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GUEST POST: “Warning” versus “claiming”: the subtle misogyny in media discourse

Graphic with a quote by Kirsty Rorrison that reads: "Language like “warning” suggests a level of trust in the speaker’s authority. When this is considered in the context of our patriarchal society, it becomes clear that gender accounts for these different portrayals of politicians."

This blog is part of a series of posts by student placements from the University of Strathclyde Applied Gender Studies and Research Methods course that Engender hosted in Spring 2022. We wanted to share Kirsty Rorrison's valuable research here on the GEMS site too.

Kirsty's final post continues research into gender bias in political news reporting during the COVID-19 pandemic. Here, she discusses how male and female politicians are quoted and referenced in the media, and how this language plays into wider patriarchal society.

For my third and final blog post, I want to discuss what my research found about female politicians and their news coverage relating to the pandemic. In my last post, I discussed my findings on journalism and COVID-19 in a more general sense; I showed that the topics reported on and who was writing about them seemed heavily linked with patriarchal gender norms. Now, I want to consider what I learned about women in politics based on their representations in news coverage of the pandemic.

GUEST POST: Who says what? A breakdown of gender bias in news topics and reporting

A graphic with a quote from Kirsty Rorrison that reads: The general trends I observed speak to wider patriarchal norms in our society, wherein men are respected for technical expertise and intelligence, and women are valued in the realms of emotion, care and nurturing.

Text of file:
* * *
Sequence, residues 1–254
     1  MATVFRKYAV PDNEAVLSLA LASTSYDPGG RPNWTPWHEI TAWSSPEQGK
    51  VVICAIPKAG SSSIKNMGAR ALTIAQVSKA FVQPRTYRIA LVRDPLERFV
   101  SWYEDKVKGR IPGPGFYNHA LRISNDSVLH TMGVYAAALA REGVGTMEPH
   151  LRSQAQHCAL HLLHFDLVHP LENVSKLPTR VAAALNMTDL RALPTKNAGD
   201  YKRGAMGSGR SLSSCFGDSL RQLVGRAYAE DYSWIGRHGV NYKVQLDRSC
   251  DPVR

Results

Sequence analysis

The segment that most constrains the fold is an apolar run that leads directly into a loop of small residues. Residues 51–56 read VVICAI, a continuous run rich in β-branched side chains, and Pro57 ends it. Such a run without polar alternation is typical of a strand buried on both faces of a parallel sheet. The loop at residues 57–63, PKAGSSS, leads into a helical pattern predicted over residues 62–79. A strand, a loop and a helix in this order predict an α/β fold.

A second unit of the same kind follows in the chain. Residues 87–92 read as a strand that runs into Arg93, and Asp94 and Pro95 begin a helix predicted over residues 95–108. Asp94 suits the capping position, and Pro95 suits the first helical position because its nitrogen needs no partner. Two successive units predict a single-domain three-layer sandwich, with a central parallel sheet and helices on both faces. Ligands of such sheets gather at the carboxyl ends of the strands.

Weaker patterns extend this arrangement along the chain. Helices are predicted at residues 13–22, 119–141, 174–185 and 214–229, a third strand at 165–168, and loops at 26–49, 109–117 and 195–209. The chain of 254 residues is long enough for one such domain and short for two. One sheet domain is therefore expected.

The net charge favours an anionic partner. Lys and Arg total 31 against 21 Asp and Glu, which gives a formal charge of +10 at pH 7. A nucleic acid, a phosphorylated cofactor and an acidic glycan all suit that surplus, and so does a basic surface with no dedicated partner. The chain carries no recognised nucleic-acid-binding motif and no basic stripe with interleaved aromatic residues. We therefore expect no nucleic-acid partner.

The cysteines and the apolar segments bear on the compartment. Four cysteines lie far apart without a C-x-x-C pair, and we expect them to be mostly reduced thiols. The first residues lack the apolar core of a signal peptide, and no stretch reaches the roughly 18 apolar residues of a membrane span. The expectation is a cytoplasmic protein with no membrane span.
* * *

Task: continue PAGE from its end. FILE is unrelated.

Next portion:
This blog is part of a series of posts by student placements from the University of Strathclyde Applied Gender Studies and Research Methods course that Engender hosted in Spring 2022. We wanted to share Kirsty Rorrison's valuable research here on the GEMS site too.

In the second of three posts, Kirsty Rorrison continues research into gender bias in political news reporting during the COVID-19 pandemic. Here, she looks specifically at the breakdown of bias in topics and authors, as well as whose voices are missing in the reporting of the pandemic.

As my placement with Engender is nearing its end, I have finally completed my research on gender, COVID-19 and media. In this blog post, I’m going to discuss what I found out in my investigation and why it was crucial that I delved a bit deeper into this topic. As I mentioned in my previous post, my main area of interest in this research has always been the ways in which women in politics are represented. However, I also wanted to look at how other women, and more broadly gender, appeared in news coverage of coronavirus. For this research, I ended up coding 108 news stories. I took note of the topic, the gender of the journalist, and the identity markers of every person mentioned in each article. I wanted to see where gender appeared in news coverage, whether this related to the kinds of topics being discussed, the journalists who wrote about them or the people mentioned in articles. In this blog post, I will outline what my analysis revealed about journalists and news topics - in other words, who is writing, and what are they writing about?

From Guilt Trips to Cat Fights: Gender stereotypes in Brexit news

By Melody House, University of Strathclyde

It is no secret that media reporting around women is problematic. From ‘page 3 girls’ to racist and sexist articles about the Duchess of Sussex, Meghan Markle, British media has a history of belittling, stereotypical writing on women. This is especially true when women occupy roles that traditionally ‘belong’ to someone else. It’s part of why we see the bad press surrounding Markle, as well as the sexist and often demeaning reporting of women in conventionally ‘male’ professions.

As such, when Gender Equal Media Scotland (GEMS) tasked me with monitoring news around Brexit, I was intrigued to see what I would find. GEMS asked me to monitor the news around Brexit for three days (14-16 January 2019), and present my findings in a series of blogs. My first blog focused on the statistical representation of women in the Brexit media. Here, I will focus on both the good and bad journalistic practice I came across in those three days.

Tweets @EqualMediaScot

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